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Agony and the Bounty

The Agony and the Ecstasy and The Mutiny on the Bounty This essay will analyse and compare two films, The Agony and the Ecstasy and The Mutiny on the Bounty, on the ways in which the historical interpretation and accuracy of both films relate to the views of recent historians and historical evidence. In order to do this several factors of the films must be examined in order to determine the way the filmmaker interpreted or distorted historical evidence and the reason for doing so. Target audiences, evidence available, historical opinions and artistic licence will all need to be taken into account. The Agony and the Ecstasy concerns the Italian Renaissance artist of Michelangelo Buonarroti. The film focuses on a short period of his life, 1508-12, concentrating on the painting of the ceiling of the Sistine Chapel in the Vatican. The reason for such a short scope of the artists life, rather than a full account of his eighty-nine years, could be the writers desire to focus on probably the artist’s most famous work in order to better relate Michelangelo’s character to the audience. The film gives some insight into the character of Michelangelo. The scene in which Michelangelo protest to the pope that he is a sculptor not a painter is particularly insightful of the artist’s view on art at that time. His suspicion of his rivals shown in the film is also based on fact. There is evidence in some of Michelangelo’s letters, where he talks of other artist’s jealousies, which show his paranoia of scheming rivals. However the film centres on the relationship between Michelangelo and Pope Julius II. This was a deliberate idea introduced by the scriptwriter Philip Dunne in order to make the tedious subject of decorating a ceiling more interesting for the audience. The film makes out that this relationship was a turbulent one, a clash of two egos. There is historical evidence for this turbulent relationship. The two men did fall ou...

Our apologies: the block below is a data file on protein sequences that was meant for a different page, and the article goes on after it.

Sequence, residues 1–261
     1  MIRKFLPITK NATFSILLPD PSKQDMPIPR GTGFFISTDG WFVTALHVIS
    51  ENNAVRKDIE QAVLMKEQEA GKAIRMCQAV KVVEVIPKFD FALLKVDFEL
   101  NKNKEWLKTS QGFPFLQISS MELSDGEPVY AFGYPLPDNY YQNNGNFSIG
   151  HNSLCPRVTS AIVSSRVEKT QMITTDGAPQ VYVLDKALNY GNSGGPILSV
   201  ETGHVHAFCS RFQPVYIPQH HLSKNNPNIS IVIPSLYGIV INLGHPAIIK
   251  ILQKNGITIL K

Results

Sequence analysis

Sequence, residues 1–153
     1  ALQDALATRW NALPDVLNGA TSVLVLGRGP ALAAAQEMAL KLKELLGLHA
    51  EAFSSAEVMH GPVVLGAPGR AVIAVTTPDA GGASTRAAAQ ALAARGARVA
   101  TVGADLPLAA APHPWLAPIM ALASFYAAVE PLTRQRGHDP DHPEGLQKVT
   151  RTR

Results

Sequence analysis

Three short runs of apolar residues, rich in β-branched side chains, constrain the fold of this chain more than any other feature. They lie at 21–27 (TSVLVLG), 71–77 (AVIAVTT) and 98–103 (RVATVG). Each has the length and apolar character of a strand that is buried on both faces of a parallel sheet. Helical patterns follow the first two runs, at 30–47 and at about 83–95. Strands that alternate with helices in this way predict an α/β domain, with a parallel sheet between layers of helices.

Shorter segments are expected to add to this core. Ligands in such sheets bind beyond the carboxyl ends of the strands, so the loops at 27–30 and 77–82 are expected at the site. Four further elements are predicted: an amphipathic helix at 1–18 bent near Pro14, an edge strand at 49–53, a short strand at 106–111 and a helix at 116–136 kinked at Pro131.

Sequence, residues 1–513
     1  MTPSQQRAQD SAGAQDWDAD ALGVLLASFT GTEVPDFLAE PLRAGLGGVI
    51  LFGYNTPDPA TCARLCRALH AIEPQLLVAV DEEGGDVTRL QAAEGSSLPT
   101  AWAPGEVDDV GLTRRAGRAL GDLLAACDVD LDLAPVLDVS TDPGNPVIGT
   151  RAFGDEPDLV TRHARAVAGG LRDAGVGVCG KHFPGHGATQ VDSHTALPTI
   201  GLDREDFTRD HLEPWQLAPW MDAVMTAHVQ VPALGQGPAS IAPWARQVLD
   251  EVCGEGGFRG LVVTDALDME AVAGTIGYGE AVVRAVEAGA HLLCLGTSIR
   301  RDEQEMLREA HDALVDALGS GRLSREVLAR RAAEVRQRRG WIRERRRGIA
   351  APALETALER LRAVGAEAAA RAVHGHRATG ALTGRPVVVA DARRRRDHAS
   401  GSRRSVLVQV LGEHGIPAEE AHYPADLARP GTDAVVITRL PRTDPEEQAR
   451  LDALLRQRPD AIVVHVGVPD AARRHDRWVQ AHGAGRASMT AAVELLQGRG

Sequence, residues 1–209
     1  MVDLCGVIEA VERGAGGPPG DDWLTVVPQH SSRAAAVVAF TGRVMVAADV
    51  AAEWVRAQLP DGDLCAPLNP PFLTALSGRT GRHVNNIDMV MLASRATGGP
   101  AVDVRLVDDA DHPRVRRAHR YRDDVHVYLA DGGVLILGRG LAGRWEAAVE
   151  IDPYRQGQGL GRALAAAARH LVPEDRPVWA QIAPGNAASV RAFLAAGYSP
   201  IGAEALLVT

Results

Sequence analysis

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Agony and the Bounty. (1969, December 31). In Retrieved 07:35, September 02, 2014, from